From “Film in the Third Reich” By David Stewart Hull
Karl Hartl’s ‘Gold’ continued the science-fiction trend of the earlier,internationally successful ‘Der Tunnel’. The story concerns a rich British alchemist who is convinced that it is possible to obtain gold from base metals by means of a giant underwater atomic reactor which he has built off the coast of Scotland. A good German scientist has been working on the same project, but he is killed and his laboratory blown up in a mysterious explosion. His assistant (Hans Albers) is semi-kidnapped by the British scientist, and sets to work on a new machine…
‘Gold’ was UFA’s superproduction of the period, and reportedly took fifteen months to shoot. Albers sued for almost double his usual salary, but lost the case. The film was also made in a French version with Brigitte Helm, Pierre Blanchar, and Roger Karl, which helped to account for the long production period.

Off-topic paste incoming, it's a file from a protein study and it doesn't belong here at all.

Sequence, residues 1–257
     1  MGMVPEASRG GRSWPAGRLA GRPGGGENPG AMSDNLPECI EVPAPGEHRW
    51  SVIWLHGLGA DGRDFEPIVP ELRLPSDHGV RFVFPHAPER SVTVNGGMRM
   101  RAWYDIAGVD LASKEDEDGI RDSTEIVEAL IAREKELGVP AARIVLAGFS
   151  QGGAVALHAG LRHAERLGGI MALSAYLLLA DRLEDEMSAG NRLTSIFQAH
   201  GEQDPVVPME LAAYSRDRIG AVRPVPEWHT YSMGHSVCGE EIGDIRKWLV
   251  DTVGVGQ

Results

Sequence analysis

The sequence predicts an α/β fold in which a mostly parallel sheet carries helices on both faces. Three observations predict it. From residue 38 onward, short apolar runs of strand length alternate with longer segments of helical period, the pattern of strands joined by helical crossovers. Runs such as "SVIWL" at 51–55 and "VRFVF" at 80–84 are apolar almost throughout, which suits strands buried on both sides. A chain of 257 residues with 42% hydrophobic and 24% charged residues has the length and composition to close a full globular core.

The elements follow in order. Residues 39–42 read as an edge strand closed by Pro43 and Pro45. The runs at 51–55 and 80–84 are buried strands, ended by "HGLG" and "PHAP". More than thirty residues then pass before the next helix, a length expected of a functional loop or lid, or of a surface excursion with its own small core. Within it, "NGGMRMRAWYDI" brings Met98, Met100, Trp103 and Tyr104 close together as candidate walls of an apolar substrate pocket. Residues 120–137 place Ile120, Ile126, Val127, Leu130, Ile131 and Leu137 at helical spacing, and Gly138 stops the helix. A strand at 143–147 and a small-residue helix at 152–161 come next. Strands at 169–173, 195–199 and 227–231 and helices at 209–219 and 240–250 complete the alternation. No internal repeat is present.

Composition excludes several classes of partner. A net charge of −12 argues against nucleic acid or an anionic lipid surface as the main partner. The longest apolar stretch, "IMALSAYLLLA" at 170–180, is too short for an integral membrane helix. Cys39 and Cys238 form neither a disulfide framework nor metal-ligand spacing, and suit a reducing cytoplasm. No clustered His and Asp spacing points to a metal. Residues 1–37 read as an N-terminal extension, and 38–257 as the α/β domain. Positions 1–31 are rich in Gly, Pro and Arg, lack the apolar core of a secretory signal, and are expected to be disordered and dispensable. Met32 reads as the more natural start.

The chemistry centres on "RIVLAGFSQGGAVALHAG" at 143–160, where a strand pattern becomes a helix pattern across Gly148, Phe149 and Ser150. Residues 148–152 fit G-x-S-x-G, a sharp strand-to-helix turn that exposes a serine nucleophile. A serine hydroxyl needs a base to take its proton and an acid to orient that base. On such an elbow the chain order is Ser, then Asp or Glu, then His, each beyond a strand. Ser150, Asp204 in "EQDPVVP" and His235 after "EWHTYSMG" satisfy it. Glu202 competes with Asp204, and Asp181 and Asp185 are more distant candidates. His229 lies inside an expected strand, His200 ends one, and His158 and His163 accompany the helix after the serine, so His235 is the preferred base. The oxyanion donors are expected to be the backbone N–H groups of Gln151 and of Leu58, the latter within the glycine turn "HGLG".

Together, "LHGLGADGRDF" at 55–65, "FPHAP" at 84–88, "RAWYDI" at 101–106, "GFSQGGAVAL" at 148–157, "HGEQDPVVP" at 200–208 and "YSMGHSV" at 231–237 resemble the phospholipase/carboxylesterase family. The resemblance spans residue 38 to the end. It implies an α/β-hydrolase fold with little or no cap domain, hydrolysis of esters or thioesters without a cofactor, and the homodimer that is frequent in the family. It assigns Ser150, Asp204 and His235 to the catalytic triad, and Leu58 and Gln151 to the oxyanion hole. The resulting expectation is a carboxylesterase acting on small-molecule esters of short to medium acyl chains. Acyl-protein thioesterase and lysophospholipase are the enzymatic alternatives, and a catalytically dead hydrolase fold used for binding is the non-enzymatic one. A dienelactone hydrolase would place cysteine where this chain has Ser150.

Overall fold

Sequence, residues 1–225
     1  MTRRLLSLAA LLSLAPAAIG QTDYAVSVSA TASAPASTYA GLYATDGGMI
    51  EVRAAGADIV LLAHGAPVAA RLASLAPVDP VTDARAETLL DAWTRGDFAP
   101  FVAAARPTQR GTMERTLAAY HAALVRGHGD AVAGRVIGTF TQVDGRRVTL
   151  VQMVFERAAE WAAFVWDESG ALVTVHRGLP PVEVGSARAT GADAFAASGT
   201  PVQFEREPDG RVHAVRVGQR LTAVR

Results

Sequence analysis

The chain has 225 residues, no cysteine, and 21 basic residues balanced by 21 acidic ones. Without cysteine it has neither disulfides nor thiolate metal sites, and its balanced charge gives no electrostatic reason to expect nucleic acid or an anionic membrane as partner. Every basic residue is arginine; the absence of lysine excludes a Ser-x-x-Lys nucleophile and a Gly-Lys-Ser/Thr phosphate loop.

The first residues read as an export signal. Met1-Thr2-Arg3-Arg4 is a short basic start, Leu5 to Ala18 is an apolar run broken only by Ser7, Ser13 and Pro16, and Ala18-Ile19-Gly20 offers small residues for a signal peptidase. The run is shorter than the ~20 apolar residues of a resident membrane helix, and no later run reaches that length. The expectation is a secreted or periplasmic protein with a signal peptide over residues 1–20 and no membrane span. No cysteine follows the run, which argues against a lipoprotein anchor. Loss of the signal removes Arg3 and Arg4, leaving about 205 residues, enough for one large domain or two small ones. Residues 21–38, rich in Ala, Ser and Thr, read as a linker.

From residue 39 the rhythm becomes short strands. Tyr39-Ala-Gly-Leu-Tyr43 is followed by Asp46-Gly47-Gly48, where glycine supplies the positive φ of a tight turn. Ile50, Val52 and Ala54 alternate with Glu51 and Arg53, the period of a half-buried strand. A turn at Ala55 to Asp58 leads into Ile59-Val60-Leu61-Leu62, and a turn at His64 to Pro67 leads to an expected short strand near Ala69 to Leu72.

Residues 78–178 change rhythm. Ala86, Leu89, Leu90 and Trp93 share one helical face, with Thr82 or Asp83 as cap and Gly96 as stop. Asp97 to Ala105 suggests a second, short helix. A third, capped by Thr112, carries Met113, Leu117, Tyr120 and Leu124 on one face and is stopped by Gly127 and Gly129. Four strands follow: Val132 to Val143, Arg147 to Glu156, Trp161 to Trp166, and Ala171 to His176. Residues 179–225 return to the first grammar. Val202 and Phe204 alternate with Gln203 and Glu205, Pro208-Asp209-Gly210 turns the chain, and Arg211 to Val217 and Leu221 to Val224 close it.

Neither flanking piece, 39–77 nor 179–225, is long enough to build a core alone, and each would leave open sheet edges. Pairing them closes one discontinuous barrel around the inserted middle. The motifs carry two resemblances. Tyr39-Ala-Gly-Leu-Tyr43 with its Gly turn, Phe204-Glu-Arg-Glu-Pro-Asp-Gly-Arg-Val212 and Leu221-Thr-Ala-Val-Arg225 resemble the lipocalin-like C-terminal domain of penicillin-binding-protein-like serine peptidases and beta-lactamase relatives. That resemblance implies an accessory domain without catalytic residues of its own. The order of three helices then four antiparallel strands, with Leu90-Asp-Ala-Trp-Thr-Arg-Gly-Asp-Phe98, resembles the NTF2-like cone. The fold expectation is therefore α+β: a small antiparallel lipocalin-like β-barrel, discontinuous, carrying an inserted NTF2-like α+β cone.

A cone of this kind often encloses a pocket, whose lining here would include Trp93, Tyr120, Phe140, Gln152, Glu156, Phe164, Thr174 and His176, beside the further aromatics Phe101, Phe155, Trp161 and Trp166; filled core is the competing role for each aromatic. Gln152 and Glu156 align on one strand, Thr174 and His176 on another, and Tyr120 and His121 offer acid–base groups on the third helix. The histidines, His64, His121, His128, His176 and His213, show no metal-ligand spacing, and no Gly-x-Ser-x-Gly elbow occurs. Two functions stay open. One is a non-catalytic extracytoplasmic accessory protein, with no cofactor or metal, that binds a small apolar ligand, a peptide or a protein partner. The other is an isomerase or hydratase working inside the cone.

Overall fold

When the film was reviewed by an Allied censorship Board after the war, the viewers wondered whether German scientists had invented an atomic reactor long before they were supposed to have done so. An effort was made to seize every known print, and the film was put under a restricted category. It is even reported, on reliable authority, that a copy was flown to the United States to be viewed by atomic scientists to see if the machines could actually perform. Of course they were simply the product of the set designer’s imagination. Because of this incident, it was difficult to find a copy of this film until recently, and once film archive kept it “under the counter” for a long time.